2017: Perspectives in Health Information Management
Barbara Hewitt, Diane Dolezel, Alexander McLeod
Healthcare data breaches on mobile devices continue to increase, yet the healthcare industry has not adopted mobile device security standards. This increase is disturbing because individuals are often accessing patients' protected health information on personal mobile devices, which could lead to a data breach. This deficiency led the researchers to explore the perceptions of future healthcare workers regarding mobile device security. To determine healthcare students' perspectives on mobile device security, the investigators designed and distributed a survey based on the Technology Threat Avoidance Theory...
2017: Perspectives in Health Information Management
Morteza Hemmat, Haleh Ayatollahi, Mohammad Reza Maleki, Fatemeh Saghafi
INTRODUCTION: Currently, information technology is considered an important tool to improve healthcare services. To adopt the right technologies, policy makers should have adequate information about present and future advances. This study aimed to review and compare studies with a focus on the future of health information technology. METHOD: This review study was completed in 2015. The databases used were Scopus, Web of Science, ProQuest, Ovid Medline, and PubMed...
2017: Perspectives in Health Information Management
Norman McFadden, Bryan Daniel, Robert Hoyt, Dallas Snider
The United States has more than 1,000 free medical clinics. Because these clinics do not bill Medicare or Medicaid, they are not eligible for federal reimbursement for electronic health record (EHR) adoption. As a result, most do not have EHRs or electronic disease registries. A web-based diabetes registry was created with all open-source components for use in an urban free clinic to manage patients with type 2 diabetes and comorbidities. The registry was modeled after the Chronic Disease Electronic Management System and recommendations of the American Diabetes Association...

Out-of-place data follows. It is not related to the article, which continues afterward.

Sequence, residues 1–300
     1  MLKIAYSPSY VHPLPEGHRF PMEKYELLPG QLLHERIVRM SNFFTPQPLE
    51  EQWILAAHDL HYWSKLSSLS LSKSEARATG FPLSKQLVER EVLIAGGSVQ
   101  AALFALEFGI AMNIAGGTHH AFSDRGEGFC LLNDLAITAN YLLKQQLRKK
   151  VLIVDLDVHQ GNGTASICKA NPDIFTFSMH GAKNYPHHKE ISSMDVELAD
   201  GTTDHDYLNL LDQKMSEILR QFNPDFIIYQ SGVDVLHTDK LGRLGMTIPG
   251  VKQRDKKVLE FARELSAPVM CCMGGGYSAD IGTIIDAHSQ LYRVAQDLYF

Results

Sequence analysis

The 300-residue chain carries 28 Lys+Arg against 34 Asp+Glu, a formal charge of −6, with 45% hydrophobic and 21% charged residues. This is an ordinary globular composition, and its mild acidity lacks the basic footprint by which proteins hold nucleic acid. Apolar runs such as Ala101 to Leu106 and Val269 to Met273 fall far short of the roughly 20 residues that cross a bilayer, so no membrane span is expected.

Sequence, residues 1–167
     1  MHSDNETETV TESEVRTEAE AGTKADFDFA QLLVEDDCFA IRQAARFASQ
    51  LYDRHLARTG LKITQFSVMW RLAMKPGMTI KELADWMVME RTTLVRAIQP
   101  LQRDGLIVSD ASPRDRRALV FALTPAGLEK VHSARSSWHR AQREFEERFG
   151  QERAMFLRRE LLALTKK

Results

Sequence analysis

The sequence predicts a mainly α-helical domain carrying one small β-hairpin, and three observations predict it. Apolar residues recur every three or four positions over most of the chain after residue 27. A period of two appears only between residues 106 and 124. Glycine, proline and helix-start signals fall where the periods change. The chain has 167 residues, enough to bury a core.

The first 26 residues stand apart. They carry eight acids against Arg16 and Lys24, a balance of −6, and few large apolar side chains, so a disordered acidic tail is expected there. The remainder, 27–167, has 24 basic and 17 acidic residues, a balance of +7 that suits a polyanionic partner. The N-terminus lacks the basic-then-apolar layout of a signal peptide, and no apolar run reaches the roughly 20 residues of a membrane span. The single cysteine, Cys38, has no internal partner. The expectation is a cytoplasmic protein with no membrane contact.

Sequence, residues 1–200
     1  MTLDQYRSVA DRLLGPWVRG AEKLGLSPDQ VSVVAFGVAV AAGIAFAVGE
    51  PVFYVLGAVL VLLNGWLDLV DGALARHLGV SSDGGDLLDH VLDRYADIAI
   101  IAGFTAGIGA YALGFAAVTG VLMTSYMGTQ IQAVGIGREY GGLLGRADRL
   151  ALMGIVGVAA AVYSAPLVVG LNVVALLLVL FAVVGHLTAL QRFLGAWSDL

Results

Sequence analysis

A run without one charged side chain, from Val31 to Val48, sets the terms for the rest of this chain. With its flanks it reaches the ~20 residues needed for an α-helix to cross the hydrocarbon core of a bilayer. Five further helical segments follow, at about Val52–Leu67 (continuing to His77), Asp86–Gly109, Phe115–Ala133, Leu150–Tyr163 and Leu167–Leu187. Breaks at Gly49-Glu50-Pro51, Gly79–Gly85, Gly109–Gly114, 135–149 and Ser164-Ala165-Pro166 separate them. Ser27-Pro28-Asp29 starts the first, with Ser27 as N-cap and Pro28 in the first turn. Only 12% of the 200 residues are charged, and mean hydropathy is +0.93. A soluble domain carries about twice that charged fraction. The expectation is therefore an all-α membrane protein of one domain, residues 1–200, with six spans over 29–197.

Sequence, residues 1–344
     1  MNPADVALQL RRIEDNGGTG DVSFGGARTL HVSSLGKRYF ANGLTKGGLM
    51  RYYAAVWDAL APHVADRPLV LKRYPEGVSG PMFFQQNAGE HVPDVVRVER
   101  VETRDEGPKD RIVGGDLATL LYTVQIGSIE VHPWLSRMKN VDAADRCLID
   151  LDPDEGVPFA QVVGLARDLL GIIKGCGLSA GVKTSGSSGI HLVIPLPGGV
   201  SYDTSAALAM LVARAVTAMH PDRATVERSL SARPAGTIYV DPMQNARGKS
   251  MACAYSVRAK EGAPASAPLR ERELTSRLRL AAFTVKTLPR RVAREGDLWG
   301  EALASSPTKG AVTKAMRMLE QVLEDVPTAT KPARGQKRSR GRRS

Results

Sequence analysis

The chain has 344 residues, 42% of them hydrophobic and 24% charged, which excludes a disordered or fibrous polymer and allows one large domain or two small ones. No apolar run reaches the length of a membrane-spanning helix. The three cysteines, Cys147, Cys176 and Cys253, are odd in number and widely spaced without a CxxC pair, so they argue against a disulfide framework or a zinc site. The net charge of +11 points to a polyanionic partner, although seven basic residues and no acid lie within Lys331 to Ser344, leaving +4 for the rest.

2017: Perspectives in Health Information Management
Chad C Sines, Gerald R Griffin
The Health Information Technology for Economic and Clinical Health (HITECH) Act established the requirement of all medical practices to have certified electronic health records (EHRs). Some primary concerns that have been delaying implementation are issues of cost, revenue impact, and the effect on the patient encounter. Small physician practices (one to four physicians) account for 46 percent of all physicians. The purpose of this qualitative study using a modified Delphi research design was to examine the potential effect of the adoption of the EHR on revenue, unintended costs or savings, and changes in the patient encounter...
2017: Perspectives in Health Information Management
George A Gellert, Linda Catzoela, Lajja Patel, Kylynn Bruner, Felix Friedman, Ricardo Ramirez, Lilliana Saucedo, S Luke Webster, John A Gillean
BACKGROUND: One strategy to foster adoption of computerized provider order entry (CPOE) by physicians is the monthly distribution of a list identifying the number and use rate percentage of orders entered electronically versus on paper by each physician in the facility. Physicians care about CPOE use rate reports because they support the patient safety and quality improvement objectives of CPOE implementation. Certain physician groups are also motivated because they participate in contracted financial and performance arrangements that include incentive payments or financial penalties for meeting (or failing to meet) a specified CPOE use rate target...
2017: Perspectives in Health Information Management
Alexander McLeod, Barbara Hewitt, David Gibbs, Caitlin Kristof
Experiential learning via simulation offers a variety of benefits including reduced risks, repetitive exposure, and mastery of complex processes. How to motivate people to engage in and enjoy playing games is an important concept in the creation of serious games focused on learning new skills. This study sought to determine the motivators that increase users' pleasurable experience when playing an electronic health record simulation game. To examine how intrinsic and extrinsic motivation affected both engagement and enjoyment, we surveyed students of health professions at one university...
2017: Perspectives in Health Information Management
Nicola Esther Stanczyk, Rik Crutzen, Nikki Sewuster, Elwin Schotanus, Merijn Mulders, Henricus Paul Cremers
BACKGROUND: Electronic health records (EHRs) can improve quality and efficiency in patient care. However, the intention to work with such a new system is often relatively low among employees because the work processes of the healthcare organization may change. Involving employees in an EHR implementation may increase their beliefs and perceived capabilities concerning the new system. The current study aimed to assess the role of involvement and its effects on sociocognitive beliefs regarding the implementation of a new EHR system...